LAS VEGAS – There have been a lot of debates over how humanoid robots should be designed, and at what point their resemblance to humans becomes a problem. Samsung’s NEON subsidiary (part of the company’s STAR Labs) has taken a deep dive into the same territory by launching a family of 2-D “artificial humans.” The company has made some amazingly bold and possibly scary claims about its plans for the life-like avatars, which they began to reveal at CES this week.
NEON Wants to Make Max Headroom a Reality
For those who aren’t familiar, in the TV series of the same name, Max Headroom is the digital embodiment of his human alter ego, Edison Carter, in the computer realm. He is clever, snarky, a trickster, and a friend and guardian angel for Carter. For full disclosure, I think he is one of the most brilliant creations ever. Now Neon, a company backed by tech giant Samsung, claims that it can create digital beings, initially based on actual humans, that can be “friends, collaborators, and companions.”
Neon’s creations will be able to “understand, converse, and sympathize, just like a real human.” On the surface of it, these seem like pretty outlandish claims. But the company showed some impressively realistic video avatars doing everyday tasks like reading or chatting, on life-size displays at CES this week. So it is worth diving a bit deeper into their underlying technology.
CORE R3: Reality, Realtime, and Responsive
The lower level of the Neons’ software stack is driven by its Core R3 system that models the physical actions and responses of a human in real-time. That means the Neon bots can interact in a fairly natural manner physically. Even in explaining this, Neon waxes poetic: “[Core R3] is inspired by the rhythmic complexities of nature and extensively trained with how humans look, behave, and interact.”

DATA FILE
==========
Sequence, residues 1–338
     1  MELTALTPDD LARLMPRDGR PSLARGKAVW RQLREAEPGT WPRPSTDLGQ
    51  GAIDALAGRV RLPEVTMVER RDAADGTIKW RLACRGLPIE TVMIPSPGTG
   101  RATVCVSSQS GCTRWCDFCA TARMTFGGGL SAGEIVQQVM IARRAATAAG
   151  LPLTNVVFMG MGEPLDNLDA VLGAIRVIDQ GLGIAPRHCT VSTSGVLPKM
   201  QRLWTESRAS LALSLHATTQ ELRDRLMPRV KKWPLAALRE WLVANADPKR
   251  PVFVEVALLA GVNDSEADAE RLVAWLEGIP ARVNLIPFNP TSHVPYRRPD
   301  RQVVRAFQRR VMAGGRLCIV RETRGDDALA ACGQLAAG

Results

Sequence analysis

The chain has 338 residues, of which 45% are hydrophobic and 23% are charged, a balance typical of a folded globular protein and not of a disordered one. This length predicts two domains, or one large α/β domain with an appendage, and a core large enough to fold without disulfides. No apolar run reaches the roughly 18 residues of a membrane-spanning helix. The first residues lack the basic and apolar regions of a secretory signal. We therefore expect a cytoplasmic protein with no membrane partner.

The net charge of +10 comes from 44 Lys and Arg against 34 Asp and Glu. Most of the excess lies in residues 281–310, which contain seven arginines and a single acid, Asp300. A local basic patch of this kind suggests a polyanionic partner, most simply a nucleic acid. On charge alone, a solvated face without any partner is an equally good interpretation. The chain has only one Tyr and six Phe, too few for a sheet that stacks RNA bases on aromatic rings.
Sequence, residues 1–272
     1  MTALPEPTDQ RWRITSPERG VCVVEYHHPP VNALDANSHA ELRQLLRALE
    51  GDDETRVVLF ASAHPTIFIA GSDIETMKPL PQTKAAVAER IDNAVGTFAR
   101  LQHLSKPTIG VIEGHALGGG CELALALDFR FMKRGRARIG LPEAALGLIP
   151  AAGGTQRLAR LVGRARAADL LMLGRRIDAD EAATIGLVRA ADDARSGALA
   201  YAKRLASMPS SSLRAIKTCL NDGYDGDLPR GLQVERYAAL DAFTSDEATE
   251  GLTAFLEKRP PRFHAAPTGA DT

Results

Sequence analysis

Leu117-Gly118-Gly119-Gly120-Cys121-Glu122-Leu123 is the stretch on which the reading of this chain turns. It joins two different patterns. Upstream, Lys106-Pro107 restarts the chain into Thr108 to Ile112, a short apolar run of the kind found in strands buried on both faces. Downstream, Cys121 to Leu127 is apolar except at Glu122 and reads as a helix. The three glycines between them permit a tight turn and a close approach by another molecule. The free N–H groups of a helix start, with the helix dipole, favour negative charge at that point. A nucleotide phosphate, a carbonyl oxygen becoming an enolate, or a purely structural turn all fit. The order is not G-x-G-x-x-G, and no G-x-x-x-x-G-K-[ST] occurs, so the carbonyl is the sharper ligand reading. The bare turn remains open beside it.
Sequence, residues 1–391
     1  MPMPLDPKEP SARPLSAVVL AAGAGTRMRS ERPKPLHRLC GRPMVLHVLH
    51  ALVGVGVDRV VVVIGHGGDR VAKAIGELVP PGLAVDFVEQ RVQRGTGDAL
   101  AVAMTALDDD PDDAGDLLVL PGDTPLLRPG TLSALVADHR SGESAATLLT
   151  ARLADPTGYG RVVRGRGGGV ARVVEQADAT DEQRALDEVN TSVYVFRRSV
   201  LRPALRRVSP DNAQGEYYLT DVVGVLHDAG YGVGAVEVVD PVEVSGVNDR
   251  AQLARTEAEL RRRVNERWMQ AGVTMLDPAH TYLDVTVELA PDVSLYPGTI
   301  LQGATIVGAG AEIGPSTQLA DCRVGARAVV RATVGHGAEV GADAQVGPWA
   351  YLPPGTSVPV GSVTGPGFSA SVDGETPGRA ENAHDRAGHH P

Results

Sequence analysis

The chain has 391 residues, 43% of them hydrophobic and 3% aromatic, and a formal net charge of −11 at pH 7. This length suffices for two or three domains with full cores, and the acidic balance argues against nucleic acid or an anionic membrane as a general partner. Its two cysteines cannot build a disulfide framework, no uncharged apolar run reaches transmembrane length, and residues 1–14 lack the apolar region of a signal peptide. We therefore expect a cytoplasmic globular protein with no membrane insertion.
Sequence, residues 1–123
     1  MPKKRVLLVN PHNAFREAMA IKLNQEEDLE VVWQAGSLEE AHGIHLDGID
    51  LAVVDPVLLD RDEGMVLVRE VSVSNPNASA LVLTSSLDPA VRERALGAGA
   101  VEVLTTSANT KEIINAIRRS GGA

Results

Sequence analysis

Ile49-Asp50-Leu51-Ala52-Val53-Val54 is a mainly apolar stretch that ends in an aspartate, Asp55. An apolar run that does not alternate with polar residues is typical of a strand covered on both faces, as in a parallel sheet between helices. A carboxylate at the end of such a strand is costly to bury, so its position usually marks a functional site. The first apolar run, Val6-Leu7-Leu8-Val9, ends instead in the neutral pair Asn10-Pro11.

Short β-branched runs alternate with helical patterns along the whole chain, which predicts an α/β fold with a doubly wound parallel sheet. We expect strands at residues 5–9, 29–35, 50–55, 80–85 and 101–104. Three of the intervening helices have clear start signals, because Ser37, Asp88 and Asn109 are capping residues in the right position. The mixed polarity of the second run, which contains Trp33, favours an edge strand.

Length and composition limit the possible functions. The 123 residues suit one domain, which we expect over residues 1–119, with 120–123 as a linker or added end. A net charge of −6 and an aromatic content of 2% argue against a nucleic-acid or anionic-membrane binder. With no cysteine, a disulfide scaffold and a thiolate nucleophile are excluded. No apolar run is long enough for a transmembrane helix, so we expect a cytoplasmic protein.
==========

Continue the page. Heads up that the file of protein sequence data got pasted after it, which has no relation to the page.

Unfortunately, the demos I was able to see weren’t interactive, and also came with a caveat that they might actually just be based on humans. So while the bots were apparently performing everyday tasks in a lifelike manner, in the limited audience demos, interactions didn’t seem to go much beyond a typical Alexa interaction.
SPECTRA: Intelligence, Learning, Emotion, and Memory for bots
R3 is just a teaser for what Neon promises for the future. Layered on top will be Spectra — a technology that from the company’s description will let a bot not just ace the Turing test, but allow it to serve as a replacement for a companion or colleague. Specifically, Neon says its “Neons” will be able to “understand, converse and sympathize just like a real human.” I’m almost sure I’ve seen that movie, and it doesn’t always end well.
Reality Check: What Neon Really Means
Personally, I think the company’s positioning of its bots is off-base. If they can actually create a “new species of artificial humans” that can be my “friend and companion,” and lead us to a world where “humans are humans” and “machines are humane,” I’m willing to see how it works out. But I’m speculating it’s a fantasy for the foreseeable future. What the company’s bots will almost certainly be able to do within a year or two is serve as a cool replacement for kiosks, digital signage, and other partially effective solutions to helping us live our lives and find our way around.
For example, I can easily see one greet me at an airport (privacy issues aside, maybe it recognizes my face), and point out where I should go to check in. It could then answer questions I might have about where to clear security, check baggage, or find a place to take a nap. Same for hotels, amusement parks, and insanely large trade shows like CES. One could easily be a more believable version of Alexa when I get home in the evening. But replace my human colleagues on ExtremeTech or the friends with whom I play tennis? I don’t think so.
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